On the backend, I use Node and a custom data layer I have yet to publish for MongoDB on my sideprojects. In our client apps/projects, we use Dropwizard.io (Java) and Mongo. We have an awesome relationship with the team at Mongo and have experienced team members that have scaled it successfully.

# Q: What's the engineering culture like at Palmer that other companies can learn from? Having Fridays to work on Open Source is awesome. – hehexd

A: I am actually working on a "Principles" repo right now so other companies can learn from us. So stay tuned for that. The big things for me are radical enthusiasm and communication. I used to play lacrosse in college, and had the pleasure once of playing against one of the best goalies in the world, John Galloway, in a summer league once. He was unreal. What really surprised me is how much and how well he communicated to his defensemen. That stuck with me a lot. Have a lot more to say about this, hopefully will be able to get this down on paper.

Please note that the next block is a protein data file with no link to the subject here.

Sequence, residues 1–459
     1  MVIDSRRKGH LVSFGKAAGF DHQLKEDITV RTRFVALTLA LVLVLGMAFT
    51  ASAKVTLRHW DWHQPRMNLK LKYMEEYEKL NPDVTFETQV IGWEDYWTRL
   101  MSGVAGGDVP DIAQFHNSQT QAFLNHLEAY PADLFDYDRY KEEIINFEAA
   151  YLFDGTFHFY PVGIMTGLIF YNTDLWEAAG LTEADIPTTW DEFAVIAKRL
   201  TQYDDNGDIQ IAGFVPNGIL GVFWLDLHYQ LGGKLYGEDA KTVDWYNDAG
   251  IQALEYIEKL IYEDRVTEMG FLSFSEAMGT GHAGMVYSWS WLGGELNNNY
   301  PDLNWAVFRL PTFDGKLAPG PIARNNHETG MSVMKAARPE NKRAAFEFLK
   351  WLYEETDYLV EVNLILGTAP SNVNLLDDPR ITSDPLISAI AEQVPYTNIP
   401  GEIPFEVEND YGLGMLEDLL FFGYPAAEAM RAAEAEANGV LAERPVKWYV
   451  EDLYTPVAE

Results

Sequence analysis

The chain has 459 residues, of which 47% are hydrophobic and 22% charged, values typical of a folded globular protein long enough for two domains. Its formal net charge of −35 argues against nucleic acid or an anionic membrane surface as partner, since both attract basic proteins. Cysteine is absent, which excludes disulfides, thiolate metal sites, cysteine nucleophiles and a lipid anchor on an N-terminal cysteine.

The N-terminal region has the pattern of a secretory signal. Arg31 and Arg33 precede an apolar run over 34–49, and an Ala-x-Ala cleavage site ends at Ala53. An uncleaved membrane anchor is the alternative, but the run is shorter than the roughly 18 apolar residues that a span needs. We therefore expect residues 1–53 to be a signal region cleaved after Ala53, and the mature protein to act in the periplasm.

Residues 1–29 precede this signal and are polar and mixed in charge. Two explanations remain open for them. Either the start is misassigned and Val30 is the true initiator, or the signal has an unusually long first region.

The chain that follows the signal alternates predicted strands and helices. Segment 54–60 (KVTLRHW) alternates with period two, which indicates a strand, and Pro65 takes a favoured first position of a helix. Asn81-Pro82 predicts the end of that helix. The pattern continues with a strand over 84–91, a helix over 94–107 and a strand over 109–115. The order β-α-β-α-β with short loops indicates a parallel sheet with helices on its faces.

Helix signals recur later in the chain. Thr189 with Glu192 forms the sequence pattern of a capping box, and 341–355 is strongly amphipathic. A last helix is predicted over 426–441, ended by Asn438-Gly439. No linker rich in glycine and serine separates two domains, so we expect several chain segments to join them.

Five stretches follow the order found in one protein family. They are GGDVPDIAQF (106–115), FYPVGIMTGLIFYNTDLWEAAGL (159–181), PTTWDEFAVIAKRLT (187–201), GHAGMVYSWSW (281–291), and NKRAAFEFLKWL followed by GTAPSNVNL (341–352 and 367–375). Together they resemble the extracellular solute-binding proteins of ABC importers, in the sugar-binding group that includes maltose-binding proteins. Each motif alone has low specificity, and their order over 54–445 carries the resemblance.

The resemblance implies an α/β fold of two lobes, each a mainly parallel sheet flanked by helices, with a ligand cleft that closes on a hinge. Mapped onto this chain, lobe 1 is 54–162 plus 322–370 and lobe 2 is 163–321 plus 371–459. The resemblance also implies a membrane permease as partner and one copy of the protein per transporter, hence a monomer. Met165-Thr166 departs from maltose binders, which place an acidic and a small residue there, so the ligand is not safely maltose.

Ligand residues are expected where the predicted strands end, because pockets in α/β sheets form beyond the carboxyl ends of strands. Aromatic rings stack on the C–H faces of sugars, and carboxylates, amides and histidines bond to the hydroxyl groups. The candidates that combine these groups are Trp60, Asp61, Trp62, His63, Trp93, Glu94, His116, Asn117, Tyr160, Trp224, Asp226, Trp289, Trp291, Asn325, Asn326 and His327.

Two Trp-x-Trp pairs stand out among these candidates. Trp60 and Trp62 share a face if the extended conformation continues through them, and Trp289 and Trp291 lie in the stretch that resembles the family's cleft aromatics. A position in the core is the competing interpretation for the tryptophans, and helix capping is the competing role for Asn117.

# Q: If you need to make a back end for your React project, what would be your back end framework and your plan, how would you go about making a back end? – Nola1222

A: It depends on the project. I would stick with whatever is easiest for you. That being said, avoid ORMs/ODMs. I will hopefully soon publish the Node.js port of our Java Data Access Layer, but the gist is you want to be in total control of your database writes/reads but fully encapsulate / abstract them into a single place. This way you don't need to rewrite your app when you inevitable change or add new databases.

# Q: What non technical skill/thing you think is the most important in tech? – PeterM

A: Be a mensch (a person of integrity and honor).

# Q: It seems like Mongo is a crime to use these days if you mention it. What are some things for people who are skeptical to know and consider before using it? – Sonicrida

A: One of our engineers has literally scaled mongo to send 8 billion emails a day IIRC.

There are definitely lots of ways to abuse mongo. There are best practices for sure. It got a bad rep back in the Parse days, but the latest stuff is so rad.

# Q: When will you open source your codegen tool? – zend

A: https://github.com/palmerhq/swagger-codegen/tree/typescript-axios

It requires that you have a well typed swagger api, which we get for free because we use Dropwizard.

We forked the main swagger-codegen and ours spits out a axios-based fetches instead of window.fetch or whatevs the default one was.